Research Key Words:
Feminist Methodologies, Gender-based Violence, Sexual Violence, Resource Extraction, Ethics and Consent, Community-based Research
My MA research focuses on the increased rate of sexual violence experienced by indigenous women in northern British Columbia as a consequence of construction camps built for liquid-natural gas pipeline projects. Through this work, I am contributing to scholarship that is critical of presumed notions of ‘vulnerability,’ while critically examining the structural systems that normalize the experience of sexual violence for indigenous women. During my fieldwork, I have worked closely with a group of women to explore notions of sexual consent, sexual abuse, and policy measures that may be put in place to mitigate the impacts of construction camps on indigenous women’s safety. Methodologically, I have engaged with feminist, participatory, and community-based research methods, rooted in the desire to produce research that is ethical, decolonized, and community-led. This research is driven by the desire to question the framing of indigenous women in Canada as inherently vulnerable to sexual violence and to explore how these assumptions impact their experiences and disclosure of sexual violence.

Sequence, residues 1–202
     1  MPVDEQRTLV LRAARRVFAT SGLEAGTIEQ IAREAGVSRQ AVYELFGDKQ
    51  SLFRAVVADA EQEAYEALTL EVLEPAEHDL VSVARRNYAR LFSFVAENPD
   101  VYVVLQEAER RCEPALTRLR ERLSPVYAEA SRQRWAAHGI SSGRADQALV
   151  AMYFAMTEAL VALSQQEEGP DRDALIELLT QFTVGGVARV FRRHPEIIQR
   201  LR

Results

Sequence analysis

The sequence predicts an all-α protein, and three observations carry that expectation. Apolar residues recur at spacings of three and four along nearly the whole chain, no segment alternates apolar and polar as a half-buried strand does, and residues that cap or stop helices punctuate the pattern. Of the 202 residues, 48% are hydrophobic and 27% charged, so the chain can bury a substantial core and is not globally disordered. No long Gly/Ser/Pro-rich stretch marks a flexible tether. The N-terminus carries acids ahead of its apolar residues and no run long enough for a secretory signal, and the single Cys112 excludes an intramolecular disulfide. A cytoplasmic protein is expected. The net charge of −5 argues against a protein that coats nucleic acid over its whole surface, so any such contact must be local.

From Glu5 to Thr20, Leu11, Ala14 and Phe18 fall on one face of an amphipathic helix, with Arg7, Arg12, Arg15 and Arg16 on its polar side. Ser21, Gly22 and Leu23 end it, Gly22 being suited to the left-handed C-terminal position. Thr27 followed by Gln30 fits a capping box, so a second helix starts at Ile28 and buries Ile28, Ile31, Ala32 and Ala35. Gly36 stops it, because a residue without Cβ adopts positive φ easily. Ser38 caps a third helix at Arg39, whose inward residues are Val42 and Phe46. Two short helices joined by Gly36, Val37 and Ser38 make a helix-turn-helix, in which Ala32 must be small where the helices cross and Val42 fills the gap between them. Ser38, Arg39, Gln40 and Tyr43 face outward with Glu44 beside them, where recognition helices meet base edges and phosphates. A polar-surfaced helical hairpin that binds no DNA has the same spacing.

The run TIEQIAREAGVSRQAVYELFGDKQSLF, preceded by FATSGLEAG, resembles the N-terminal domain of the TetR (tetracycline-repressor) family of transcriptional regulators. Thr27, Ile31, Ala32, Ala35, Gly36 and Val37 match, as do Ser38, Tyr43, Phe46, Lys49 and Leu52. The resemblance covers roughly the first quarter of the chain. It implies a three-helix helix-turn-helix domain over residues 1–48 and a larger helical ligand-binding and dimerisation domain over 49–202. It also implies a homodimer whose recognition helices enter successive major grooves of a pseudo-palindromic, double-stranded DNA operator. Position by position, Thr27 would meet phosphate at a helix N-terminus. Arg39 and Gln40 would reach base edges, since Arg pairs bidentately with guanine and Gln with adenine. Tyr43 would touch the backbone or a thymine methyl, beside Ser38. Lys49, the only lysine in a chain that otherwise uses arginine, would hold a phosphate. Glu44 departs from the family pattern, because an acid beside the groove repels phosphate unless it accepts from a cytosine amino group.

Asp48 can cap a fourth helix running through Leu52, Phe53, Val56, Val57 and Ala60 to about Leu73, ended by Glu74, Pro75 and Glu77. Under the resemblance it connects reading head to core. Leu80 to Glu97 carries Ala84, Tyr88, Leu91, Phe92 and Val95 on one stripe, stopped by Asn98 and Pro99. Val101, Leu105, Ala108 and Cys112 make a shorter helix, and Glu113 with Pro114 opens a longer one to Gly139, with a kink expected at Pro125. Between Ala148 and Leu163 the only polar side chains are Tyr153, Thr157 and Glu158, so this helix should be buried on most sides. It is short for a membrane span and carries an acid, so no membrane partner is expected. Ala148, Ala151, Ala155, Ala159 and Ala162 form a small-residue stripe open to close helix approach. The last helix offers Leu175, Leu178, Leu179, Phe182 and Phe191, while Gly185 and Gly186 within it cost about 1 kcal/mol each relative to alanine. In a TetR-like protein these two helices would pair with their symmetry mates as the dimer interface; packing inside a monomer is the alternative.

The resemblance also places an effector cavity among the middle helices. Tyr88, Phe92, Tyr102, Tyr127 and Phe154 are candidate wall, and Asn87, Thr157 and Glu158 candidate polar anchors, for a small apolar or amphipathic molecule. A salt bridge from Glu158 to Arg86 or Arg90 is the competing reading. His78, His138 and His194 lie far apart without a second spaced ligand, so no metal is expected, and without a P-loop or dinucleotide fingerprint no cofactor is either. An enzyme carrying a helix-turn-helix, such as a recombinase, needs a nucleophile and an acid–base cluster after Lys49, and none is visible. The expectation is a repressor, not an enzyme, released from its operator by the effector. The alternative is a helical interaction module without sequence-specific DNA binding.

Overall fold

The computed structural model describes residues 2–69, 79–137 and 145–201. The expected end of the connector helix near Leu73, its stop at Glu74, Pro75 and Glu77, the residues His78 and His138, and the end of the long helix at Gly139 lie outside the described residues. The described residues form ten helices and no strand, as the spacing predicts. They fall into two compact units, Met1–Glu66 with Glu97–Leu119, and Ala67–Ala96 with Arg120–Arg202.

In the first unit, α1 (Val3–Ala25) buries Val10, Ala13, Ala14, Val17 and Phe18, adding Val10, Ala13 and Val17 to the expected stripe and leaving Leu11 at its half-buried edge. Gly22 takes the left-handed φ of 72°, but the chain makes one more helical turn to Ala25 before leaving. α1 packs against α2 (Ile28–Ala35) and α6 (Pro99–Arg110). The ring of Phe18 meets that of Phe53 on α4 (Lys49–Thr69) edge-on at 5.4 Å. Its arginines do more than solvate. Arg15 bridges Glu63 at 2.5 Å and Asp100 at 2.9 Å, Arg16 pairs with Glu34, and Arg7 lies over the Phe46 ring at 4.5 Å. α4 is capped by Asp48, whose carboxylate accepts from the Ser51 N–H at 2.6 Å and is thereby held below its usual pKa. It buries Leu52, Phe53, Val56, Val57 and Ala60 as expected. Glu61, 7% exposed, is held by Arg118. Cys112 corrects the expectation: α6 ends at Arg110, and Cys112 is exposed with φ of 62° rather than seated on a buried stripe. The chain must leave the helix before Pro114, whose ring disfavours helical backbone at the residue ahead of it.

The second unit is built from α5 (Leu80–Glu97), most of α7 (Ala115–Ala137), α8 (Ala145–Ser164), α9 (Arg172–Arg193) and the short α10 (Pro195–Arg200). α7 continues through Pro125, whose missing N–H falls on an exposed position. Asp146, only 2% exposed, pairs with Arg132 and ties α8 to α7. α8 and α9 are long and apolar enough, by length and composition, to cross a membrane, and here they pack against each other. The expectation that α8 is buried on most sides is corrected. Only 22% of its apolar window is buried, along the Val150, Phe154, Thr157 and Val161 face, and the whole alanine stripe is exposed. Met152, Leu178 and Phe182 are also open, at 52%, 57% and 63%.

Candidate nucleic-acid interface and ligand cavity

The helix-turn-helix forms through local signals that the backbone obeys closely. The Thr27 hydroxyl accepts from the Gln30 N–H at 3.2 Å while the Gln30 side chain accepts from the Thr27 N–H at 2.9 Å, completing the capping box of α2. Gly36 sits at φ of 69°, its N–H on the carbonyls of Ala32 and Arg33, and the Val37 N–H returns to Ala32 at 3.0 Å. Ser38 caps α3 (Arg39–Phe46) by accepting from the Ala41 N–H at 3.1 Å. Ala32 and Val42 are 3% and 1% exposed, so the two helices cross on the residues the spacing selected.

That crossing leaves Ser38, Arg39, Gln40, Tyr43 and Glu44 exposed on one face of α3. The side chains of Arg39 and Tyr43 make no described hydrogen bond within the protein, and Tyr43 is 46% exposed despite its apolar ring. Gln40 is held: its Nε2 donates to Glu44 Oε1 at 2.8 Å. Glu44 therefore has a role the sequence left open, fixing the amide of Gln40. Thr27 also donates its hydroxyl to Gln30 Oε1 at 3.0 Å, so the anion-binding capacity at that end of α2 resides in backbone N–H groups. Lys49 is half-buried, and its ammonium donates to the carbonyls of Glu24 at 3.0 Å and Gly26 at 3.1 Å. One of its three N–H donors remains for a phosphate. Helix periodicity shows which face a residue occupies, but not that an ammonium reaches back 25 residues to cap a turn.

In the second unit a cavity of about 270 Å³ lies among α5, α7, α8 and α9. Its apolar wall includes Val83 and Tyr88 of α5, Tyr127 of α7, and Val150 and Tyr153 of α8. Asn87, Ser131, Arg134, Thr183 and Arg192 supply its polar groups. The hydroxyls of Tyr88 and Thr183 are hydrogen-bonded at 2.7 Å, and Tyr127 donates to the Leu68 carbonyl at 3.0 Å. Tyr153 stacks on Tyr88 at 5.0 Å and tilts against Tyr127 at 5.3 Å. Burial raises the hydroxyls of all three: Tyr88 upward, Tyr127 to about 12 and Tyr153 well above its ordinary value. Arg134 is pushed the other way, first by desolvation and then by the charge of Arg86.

Bachelor of Arts, Anthropology and International Development Studies, McGill University, 2014
UBC Supervisor: Leslie Robertson
(In Review) Gibson, Ginger, Kathleen Yung, Hannah Quinn, Libby Chisolm (2016) Construction Camp Mitigations: Working Discussion Paper. The Firelight Group and Lake Babine Nation.
March 31, 2016. “Resources, Risks, and Resilience: Understanding the Gendered-Impacts of Resource Extraction on Aboriginal Communities. Poster Presentation, Society for Applied Anthropology, Vancouver, Canada